KRA has developed an anti-corruption policy that has not only enabled it undertake lifestyle audits of its staff, but also conduct integrity testing. The lifestyle audit is an ongoing process at KRA. To date, the authority has conducted and finalised lifestyle audits for 49 staff and the findings were shared with other law enforcement agencies for appropriate action. The success of these audits can be attributed to a coordinated multi-agency approach.
The multiple taxation of investors by both the national and county governments has been cited as among the factors that hinder ease of doing business in Kenya. What collaborations are you promoting between the two levels of government to ensure such investors are not being exploited? Dan Murugu, Nakuru Town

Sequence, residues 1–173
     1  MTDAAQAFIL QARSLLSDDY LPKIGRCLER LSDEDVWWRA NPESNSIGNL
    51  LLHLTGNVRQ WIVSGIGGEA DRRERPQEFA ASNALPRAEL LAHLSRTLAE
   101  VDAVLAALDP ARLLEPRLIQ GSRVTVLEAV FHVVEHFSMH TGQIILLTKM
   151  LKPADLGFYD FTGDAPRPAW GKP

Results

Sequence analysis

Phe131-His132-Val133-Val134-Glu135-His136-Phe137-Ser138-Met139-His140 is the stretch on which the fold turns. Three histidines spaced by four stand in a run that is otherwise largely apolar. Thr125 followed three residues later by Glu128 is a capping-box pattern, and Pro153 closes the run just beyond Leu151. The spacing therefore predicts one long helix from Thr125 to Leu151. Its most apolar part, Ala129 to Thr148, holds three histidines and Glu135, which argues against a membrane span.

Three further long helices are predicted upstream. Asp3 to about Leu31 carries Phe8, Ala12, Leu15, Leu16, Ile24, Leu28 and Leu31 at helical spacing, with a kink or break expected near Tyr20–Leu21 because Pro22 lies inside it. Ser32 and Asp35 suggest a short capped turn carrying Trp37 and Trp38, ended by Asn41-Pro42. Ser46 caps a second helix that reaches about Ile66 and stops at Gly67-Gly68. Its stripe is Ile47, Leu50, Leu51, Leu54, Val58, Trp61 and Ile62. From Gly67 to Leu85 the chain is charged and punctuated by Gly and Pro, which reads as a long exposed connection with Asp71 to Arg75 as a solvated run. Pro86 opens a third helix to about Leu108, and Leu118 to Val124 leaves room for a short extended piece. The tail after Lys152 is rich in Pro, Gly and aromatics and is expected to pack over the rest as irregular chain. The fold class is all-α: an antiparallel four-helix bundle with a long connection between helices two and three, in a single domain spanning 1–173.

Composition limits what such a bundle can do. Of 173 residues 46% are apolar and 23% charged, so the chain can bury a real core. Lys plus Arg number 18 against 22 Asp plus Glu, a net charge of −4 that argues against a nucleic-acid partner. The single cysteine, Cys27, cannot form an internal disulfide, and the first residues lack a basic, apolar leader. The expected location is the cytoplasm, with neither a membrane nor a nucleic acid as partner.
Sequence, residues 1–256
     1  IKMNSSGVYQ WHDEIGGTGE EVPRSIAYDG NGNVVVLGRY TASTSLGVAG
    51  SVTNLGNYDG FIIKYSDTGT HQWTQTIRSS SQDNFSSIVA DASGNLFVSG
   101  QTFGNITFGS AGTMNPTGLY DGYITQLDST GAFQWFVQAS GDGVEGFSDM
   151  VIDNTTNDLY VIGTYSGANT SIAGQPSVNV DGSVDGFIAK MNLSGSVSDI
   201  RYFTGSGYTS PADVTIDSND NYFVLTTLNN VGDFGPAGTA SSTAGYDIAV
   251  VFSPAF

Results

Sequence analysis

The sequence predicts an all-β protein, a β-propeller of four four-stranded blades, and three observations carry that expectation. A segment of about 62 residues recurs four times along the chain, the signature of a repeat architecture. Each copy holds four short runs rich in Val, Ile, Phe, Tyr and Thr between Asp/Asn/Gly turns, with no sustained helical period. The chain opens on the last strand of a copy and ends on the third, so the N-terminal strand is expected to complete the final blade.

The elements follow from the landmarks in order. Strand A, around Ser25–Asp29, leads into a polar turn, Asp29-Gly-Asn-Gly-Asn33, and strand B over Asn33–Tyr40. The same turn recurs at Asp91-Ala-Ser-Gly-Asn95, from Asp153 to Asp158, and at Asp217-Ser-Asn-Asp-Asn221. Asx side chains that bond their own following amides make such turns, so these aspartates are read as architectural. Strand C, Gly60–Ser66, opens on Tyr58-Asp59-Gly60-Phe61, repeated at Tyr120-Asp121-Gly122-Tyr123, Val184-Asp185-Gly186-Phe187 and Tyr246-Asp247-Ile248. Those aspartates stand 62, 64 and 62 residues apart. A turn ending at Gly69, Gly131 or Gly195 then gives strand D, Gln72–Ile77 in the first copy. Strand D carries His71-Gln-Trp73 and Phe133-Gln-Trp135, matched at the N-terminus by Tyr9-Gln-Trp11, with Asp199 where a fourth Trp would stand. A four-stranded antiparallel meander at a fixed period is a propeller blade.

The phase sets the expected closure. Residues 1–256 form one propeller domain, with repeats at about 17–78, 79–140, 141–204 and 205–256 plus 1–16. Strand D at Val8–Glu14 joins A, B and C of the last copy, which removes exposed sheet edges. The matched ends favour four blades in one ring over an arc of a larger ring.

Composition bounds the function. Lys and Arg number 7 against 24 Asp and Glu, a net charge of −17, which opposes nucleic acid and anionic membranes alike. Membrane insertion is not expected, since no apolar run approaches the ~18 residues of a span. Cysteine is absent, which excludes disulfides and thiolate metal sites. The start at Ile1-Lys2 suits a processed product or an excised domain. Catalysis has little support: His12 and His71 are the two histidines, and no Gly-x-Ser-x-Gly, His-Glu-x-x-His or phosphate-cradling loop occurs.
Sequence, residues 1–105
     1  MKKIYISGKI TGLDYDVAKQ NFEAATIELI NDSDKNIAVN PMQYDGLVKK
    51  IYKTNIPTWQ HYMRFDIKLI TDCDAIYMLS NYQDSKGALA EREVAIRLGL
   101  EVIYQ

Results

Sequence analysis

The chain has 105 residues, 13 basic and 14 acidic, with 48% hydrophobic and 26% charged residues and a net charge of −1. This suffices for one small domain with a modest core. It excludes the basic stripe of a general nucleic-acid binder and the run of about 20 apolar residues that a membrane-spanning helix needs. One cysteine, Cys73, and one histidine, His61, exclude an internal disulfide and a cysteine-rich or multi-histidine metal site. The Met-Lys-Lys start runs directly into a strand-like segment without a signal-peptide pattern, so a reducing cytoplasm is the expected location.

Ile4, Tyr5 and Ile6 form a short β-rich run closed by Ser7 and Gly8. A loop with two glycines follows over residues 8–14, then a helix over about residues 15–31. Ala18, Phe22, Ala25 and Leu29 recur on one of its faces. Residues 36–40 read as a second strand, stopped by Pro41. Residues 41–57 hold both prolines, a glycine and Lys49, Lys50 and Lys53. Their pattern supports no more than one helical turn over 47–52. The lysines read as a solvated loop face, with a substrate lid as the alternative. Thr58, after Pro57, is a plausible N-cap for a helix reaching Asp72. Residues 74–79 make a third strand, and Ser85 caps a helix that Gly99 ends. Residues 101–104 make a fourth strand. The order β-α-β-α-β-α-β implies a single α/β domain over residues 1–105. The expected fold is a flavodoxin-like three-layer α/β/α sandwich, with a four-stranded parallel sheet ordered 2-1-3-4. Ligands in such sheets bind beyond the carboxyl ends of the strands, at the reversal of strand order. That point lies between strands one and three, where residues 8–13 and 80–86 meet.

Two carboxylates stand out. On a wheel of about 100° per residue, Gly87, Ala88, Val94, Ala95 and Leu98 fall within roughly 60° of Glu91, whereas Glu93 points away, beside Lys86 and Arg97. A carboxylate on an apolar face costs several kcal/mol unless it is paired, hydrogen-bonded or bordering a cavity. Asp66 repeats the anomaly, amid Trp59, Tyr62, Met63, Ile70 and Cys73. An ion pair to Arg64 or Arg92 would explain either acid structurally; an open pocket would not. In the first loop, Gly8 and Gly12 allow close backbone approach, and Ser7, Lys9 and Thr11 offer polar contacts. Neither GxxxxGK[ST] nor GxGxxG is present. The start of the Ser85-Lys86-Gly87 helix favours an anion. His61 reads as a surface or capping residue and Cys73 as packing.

The Article 209 of the constitution allows counties to impose property rates, entertainment taxes, charges for services they provide, and any other tax or licensing fee authorised by an Act of Parliament.
KRA is the collector of national government revenue and advises the government on all matters relating to the administration of, and the collection of revenue. In this role KRA was involved in the development of the National Policy to Support Enhancement of County Governments’ Own-Source Revenue (OSR).
The policy proposes a standardised framework for county governments’ OSR measures as well compliance enforcement. The measures generally aim to strengthen the legal underpinnings for revenue collection and its link with policy objectives: achieving efficiency in revenue administration; enhancing governance and promoting transparency; and making public participation more effective.
KRA has also directly engaged various county governments in capacity building on revenue administration, technology and developing revenue administration technology and laws that ensure fairness, adequacy, simplicity, transparency, and administrative ease.
All these measures are aimed at ensuring that taxation is streamlined between the national and county governments and ensuring that taxation is fair and equitable.